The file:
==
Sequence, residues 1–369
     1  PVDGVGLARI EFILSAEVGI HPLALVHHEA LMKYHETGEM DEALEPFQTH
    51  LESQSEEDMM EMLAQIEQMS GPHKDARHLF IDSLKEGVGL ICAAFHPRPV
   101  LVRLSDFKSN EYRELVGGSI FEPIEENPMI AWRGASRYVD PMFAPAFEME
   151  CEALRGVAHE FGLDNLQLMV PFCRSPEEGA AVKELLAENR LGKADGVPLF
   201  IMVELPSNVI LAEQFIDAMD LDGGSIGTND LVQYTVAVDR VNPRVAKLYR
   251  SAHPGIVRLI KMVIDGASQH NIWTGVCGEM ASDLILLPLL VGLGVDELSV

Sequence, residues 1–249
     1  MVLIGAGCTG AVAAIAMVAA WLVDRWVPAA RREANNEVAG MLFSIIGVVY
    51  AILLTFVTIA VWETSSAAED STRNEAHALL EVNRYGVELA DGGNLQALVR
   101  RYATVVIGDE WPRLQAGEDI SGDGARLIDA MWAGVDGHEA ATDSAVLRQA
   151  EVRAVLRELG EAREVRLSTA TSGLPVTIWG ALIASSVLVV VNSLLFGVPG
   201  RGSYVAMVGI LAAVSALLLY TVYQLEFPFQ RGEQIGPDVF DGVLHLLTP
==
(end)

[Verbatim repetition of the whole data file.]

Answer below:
Sequence, residues 1–369
     1  PVDGVGLARI EFILSAEVGI HPLALVHHEA LMKYHETGEM DEALEPFQTH
    51  LESQSEEDMM EMLAQIEQMS GPHKDARHLF IDSLKEGVGL ICAAFHPRPV
   101  LVRLSDFKSN EYRELVGGSI FEPIEENPMI AWRGASRYVD PMFAPAFEME
   151  CEALRGVAHE FGLDNLQLMV PFCRSPEEGA AVKELLAENR LGKADGVPLF
   201  IMVELPSNVI LAEQFIDAMD LDGGSIGTND LVQYTVAVDR VNPRVAKLYR
   251  SAHPGIVRLI KMVIDGASQH NIWTGVCGEM ASDLILLPLL VGLGVDELSV

Sequence, residues 1–249
     1  MVLIGAGCTG AVAAIAMVAA WLVDRWVPAA RREANNEVAG MLFSIIGVVY
    51  AILLTFVTIA VWETSSAAED STRNEAHALL EVNRYGVELA DGGNLQALVR
   101  RYATVVIGDE WPRLQAGEDI SGDGARLIDA MWAGVDGHEA ATDSAVLRQA
   151  EVRAVLRELG EAREVRLSTA TSGLPVTIWG ALIASSVLVV VNSLLFGVPG
   201  RGSYVAMVGI LAAVSALLLY TVYQLEFPFQ RGEQIGPDVF DGVLHLLTP